2003, available from JJASPP Engineering Services, LLC, and Northwest 
Rotorcraft, LLC. This service information contains preventative daily 
maintenance instructions to be accomplished prior to the first flight 
of the day to inspect for loose or missing rivets, the tail boom 
attachment bolts for security, and tail boom attachment fittings and 
longerons up to 12 inches from the fittings for cracks.
     JJASPP Engineering Services Instructions for Continued 
Airworthiness for Restricted Category UH-1H Rotorcraft Report No. 
JJASPP-ICA-12-005, Revision IR, approved February 6, 2013, available 
from JJASPP Engineering Services, LLC. This report contains a Component 
Overhaul Schedule, an Airworthiness Limitation Schedule, and a 
Continued Airworthiness Documents section that list documents and 
reports required for servicing, maintaining, inspecting, repairing, and 
overhauling the rotorcraft, its engine, rotors, and appliances.
     Northwest Rotorcraft, LLC, UH-1H Instructions for 
Continued Airworthiness Report No. PH-106, Revision 7, approved March 
15, 2012, available from Northwest Rotorcraft, LLC. This report 
contains a Component Overhaul Schedule, an Airworthiness Limitation 
Schedule, and a Continued Airworthiness Documents Section, which lists 
Army Technical Manuals required for servicing, maintaining, inspecting, 
repairing, and overhauling the helicopter, its engine, rotors, and 
appliances, and for special purpose modifications.
     Rotorcraft Development Corporation Instructions for 
Continued Airworthiness Report No. GH-H3NM-CA1, UH-1B Helicopters, 
Revision 1, dated December 6, 2012, available from Rotorcraft 
Development Corporation. This report contains a Component Overhaul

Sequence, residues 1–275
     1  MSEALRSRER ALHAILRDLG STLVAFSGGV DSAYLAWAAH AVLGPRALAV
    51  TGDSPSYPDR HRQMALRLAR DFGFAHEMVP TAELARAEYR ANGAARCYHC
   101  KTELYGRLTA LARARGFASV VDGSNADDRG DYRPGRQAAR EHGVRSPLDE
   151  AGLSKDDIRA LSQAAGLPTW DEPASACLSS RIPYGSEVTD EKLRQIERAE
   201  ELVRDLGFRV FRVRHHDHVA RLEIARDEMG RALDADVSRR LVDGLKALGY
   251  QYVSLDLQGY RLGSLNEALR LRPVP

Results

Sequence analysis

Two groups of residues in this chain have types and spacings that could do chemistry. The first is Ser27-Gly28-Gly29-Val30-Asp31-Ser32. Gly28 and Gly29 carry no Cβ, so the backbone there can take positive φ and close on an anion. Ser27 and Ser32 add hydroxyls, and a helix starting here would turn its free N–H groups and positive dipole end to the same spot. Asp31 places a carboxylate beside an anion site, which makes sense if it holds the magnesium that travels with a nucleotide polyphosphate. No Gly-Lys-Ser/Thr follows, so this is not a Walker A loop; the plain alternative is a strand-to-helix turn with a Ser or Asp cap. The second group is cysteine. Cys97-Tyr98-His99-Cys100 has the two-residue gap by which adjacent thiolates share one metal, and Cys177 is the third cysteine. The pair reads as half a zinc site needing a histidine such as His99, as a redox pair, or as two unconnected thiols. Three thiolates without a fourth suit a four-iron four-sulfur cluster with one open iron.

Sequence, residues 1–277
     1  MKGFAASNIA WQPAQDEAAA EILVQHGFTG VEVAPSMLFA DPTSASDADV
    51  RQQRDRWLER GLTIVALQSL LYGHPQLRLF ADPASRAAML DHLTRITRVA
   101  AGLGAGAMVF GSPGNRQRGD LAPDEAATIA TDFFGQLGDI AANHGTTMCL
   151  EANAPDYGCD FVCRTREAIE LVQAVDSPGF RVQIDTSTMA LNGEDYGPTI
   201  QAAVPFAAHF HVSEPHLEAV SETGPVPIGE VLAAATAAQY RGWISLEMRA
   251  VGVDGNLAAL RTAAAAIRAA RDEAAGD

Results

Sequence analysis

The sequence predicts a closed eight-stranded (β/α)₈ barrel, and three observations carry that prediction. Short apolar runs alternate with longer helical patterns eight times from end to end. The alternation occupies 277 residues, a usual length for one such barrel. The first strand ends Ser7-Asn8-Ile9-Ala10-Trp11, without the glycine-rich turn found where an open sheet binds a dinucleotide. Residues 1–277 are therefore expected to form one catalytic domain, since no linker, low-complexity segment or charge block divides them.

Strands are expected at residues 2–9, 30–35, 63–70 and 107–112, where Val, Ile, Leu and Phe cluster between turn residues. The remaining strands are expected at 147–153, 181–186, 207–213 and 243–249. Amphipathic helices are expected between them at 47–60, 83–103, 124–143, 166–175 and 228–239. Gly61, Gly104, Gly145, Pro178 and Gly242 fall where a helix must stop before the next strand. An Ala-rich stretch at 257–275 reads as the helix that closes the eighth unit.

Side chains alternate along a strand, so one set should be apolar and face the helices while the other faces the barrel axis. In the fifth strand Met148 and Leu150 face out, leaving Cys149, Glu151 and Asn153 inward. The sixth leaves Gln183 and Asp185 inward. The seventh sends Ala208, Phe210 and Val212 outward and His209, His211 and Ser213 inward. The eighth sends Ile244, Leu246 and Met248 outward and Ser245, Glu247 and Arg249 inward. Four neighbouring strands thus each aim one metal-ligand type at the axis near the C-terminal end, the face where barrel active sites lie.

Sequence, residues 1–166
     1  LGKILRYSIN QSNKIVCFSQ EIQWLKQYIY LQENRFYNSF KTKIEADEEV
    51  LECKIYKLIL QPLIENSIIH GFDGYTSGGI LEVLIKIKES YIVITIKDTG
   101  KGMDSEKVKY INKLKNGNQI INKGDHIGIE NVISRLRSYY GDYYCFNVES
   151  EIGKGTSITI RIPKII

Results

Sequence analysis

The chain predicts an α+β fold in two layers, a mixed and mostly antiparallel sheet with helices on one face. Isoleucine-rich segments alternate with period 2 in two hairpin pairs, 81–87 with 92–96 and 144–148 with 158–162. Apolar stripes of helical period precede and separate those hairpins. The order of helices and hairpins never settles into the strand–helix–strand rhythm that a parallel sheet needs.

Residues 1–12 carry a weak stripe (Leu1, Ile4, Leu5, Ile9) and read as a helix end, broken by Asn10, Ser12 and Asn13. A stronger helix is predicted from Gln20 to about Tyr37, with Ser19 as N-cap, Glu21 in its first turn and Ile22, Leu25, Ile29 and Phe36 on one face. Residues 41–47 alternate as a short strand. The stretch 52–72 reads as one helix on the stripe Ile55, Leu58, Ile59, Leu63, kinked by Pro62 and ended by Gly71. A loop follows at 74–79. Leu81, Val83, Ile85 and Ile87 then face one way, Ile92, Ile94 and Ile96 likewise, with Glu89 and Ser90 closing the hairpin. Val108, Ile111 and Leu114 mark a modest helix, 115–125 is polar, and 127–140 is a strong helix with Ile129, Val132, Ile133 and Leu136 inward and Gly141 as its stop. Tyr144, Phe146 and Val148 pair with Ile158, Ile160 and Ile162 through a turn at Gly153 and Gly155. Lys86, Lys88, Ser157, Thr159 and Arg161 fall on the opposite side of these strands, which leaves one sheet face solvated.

Schedule, an Airworthiness Limitation Schedule, and a Continued 
Airworthiness Documents Section that lists Army Technical Manuals 
required for servicing, maintaining, inspecting, repairing, and 
overhauling the helicopter, its engine, rotors, and appliances, and for 
special purpose modifications.
     Tamarack Helicopters, Inc., Instructions for Continued 
Airworthiness Report No. ICA-1, UH-1F, UH-1P AND TH-1F Helicopters, 
Revision 6, dated March 14, 2016, available from Tamarack Helicopters, 
Inc. This report contains a Component Overhaul Schedule, an 
Airworthiness Limitation Schedule, and a list of Air Force Technical 
Orders required for servicing, maintaining, inspecting, repairing, and 
overhauling the helicopter, its engine, rotors, and appliances.
     Tamarack Helicopters, Inc., UH-1H Instructions for 
Continued Airworthiness Report No. TAM-102, Revision Original, dated 
July 23, 2009, available from Tamarack Helicopter, Inc. This report 
contains a Component Overhaul Schedule, an Airworthiness Limitations 
Schedule and a Continued Airworthiness Documents section, which lists 
documents and reports required for servicing, maintaining, inspecting, 
repairing, and overhauling the helicopter, its engine, rotors, 
appliances and special purpose modifications.
     U.S. Army Aviation and Missile Command Depot Maintenance 
Work Requirement DMWR 55-1560-222, All H-1Series Tailboom Structural 
Assemblies, Change 6, dated June 18, 2002, available from JJASPP 
Engineering Services, LLC. This service information contains 
descriptions of the tail boom structure and guidance explaining tail 
boom attachment fitting structural loads; tail boom differences between 
helicopter models; required depot level modifications; tail boom 
structure isometric figures identifying the structural components; 
instructions to inspect the tail boom longerons for dents, cracks, 
holes, tears, corrosion, and distortion; longeron repair limits and 
repair instructions; instructions to inspect attachment fittings for 
cracks and hole elongation; attachment fitting repair limits and repair 
instructions; tail boom attachment fitting deburr before bonding to 
longeron instructions; and a requirement to dye penetrant the tail boom 
attachment fittings.
     U.S. Army Aviation and Troop Command Aircraft Depot 
Maintenance Work Requirement DMWR 55-1520-210, UH-1H/UH-1V Helicopters, 
Change 11, dated August 31, 1994, available from Northwest Rotorcraft, 
LLC, and Southwest Florida Aviation International, Inc. This higher-
level document directs maintenance personnel to DMWR 55-1560-222 for 
detail depot maintenance instructions. It also contains information 
regarding differences between the two models, instructions for cleaning 
and corrosion control, longeron and stringer allowable damage and 
repair; requirements to check tail boom for alignment; general aircraft 
repair procedures; guidance explaining tail boom attachment fitting 
structural loads; and guidance regarding primary vs. secondary tail